Mieszkowski's sensitivity to the gendered and misogynistic subjects and language of the go-between tradition overarches both Part I and Part II, and it is grounded in her assumption, as she states it in the opening paragraphs of Part I, that "[t]he official culture of the Middle Ages was fundamentally misogynistic" (10). In substantiating this provocative claim, Mieszkowski appeals to arguments about the nature of women found in Aristotle, St. Augustine, St. Thomas Aquinas, St. Jerome, Albertus Magnus, Richard de Bury, and Walter Map. This section of the book, which is intended to establish the validity of the feminist critical approach to medieval go-between texts, in fact represents the most unfortunate lapse of scholarship in Mieszkowski's study. Although she presents these various authors as contributors to a general misogynist attitude in the Middle Ages, none of her textual evidence is in fact taken from their original writings; instead, a perusal of the references yields only citations to collections like Feminist Approaches to the Body in Medieval Literature (University of Pennsylvania Press, 1993), Gender in Debate from the Early Middle Ages (Palgrave, 2002), and The Troublesome Helpmate: A History of Misogyny in Literature (University of Washington Press, 1966). Nowhere in the endnotes to this section are the primary texts cited, and this has the unfortunate effect of rendering her arguments about medieval misogyny weakened at best. Similarly, when she argues that the Church's "hostility to sexual pleasure" was bolstered by classical traditions of misogyny, stemming in particular from Ovid's major works, she offers this characterization of Ovid without any reasons substantiated by reference to the texts themselves. Lapses of this kind color the subsequent summaries and analyses of medieval go-between texts offered in the rest of the book; she has given the reader reason to suspect her practice of textual mediation.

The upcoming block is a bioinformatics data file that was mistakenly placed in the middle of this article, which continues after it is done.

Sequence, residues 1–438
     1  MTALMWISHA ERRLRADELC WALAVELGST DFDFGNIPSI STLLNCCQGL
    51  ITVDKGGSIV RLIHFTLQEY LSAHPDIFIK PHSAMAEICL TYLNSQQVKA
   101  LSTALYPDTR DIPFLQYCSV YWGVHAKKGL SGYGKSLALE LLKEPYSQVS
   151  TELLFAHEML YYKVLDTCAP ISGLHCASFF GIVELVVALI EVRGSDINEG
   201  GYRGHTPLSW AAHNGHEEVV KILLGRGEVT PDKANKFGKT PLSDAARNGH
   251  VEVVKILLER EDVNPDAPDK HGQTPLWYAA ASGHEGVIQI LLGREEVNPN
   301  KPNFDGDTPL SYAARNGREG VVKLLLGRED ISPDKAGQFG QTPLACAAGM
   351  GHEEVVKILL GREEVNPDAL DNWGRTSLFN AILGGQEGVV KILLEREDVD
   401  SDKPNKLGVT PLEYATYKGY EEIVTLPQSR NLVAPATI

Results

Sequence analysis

Although the characteristics of the go-between for sexual conquest become fairly consistent, Mieszkowski summarizes a broad range of texts in Part I--from Latin comedies to fabliaux, from Arthurian hero-narratives to the Roman de la Rose and the Confessio Amantis--in order to illuminate the nuances possible in this character. In the Latin comedy Alda (c. 1170), for instance, the Old Woman is never explicitly described, but she violates her role as Alda's nurse and guardian by helping the love-enflamed Pyrrhus substitute himself for his twin sister, Alda's companion, so that he can possess Alda. In another of the Latin comedies, the De nuntio sagaci, the go-between is a man, but he operates in the typical go-between fashion, betraying a young woman's trust and delivering her to his master for what amounts to a rape. The character of La Vieille from the Roman de la Rose is a highly-developed contribution to this tradition, trading sex like any other commodity and advocating women's use of sex as a predatory weapon.

In concluding her summary of the Rose, she argues that the struggle of feminist scholars is to "hear whatever traces of [a woman's voice] might be lodged in male writings," and that the strong voice of La Vieille might tempt women "to claim some part of [her] for their own" (66). The conclusion of Part I subsequently turns away from the characterization of the go-betweens for sexual conquest toward a reiteration of the feminist contribution to the analysis of these kinds of texts. Mieszkowski draws on Anne Laskaya's work on medieval legends of long-suffering women, for example, in order to argue that the "submissive, violated women" in Gower's Confessio Amantis represent masculine ideals of femininity (74), and she bases her analysis of Boccaccio's Decameron and the fifteenth-century Le Roman du comte d'Artois (1453-67) on Adrienne Munich's suggestion that feminist readings should search for women's "implied power in texts that submerge it" (74). The renewed prominence of the feminist critical approach at the conclusion of this first section carries forward into the next section, "Choreographing Love: Idealized Go-Betweens."